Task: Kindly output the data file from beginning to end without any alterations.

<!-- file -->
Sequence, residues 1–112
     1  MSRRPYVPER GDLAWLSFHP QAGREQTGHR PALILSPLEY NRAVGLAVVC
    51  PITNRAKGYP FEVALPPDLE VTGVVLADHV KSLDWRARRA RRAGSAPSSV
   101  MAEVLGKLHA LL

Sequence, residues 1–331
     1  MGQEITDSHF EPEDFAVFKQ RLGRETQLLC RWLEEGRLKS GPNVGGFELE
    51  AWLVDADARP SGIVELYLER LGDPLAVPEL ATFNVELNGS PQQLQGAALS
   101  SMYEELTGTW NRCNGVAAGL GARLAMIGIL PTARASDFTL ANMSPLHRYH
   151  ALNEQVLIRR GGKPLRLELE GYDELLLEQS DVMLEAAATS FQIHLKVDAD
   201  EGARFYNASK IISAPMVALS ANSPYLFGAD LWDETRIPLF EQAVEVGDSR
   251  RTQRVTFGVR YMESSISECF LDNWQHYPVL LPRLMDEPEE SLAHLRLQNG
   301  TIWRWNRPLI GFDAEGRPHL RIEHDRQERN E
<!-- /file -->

Sequence, residues 1–112
     1  MSRRPYVPER GDLAWLSFHP QAGREQTGHR PALILSPLEY NRAVGLAVVC
    51  PITNRAKGYP FEVALPPDLE VTGVVLADHV KSLDWRARRA RRAGSAPSSV
   101  MAEVLGKLHA LL

Sequence, residues 1–331
     1  MGQEITDSHF EPEDFAVFKQ RLGRETQLLC RWLEEGRLKS GPNVGGFELE
    51  AWLVDADARP SGIVELYLER LGDPLAVPEL ATFNVELNGS PQQLQGAALS
   101  SMYEELTGTW NRCNGVAAGL GARLAMIGIL PTARASDFTL ANMSPLHRYH
   151  ALNEQVLIRR GGKPLRLELE GYDELLLEQS DVMLEAAATS FQIHLKVDAD
   201  EGARFYNASK IISAPMVALS ANSPYLFGAD LWDETRIPLF EQAVEVGDSR
   251  RTQRVTFGVR YMESSISECF LDNWQHYPVL LPRLMDEPEE SLAHLRLQNG
   301  TIWRWNRPLI GFDAEGRPHL RIEHDRQERN E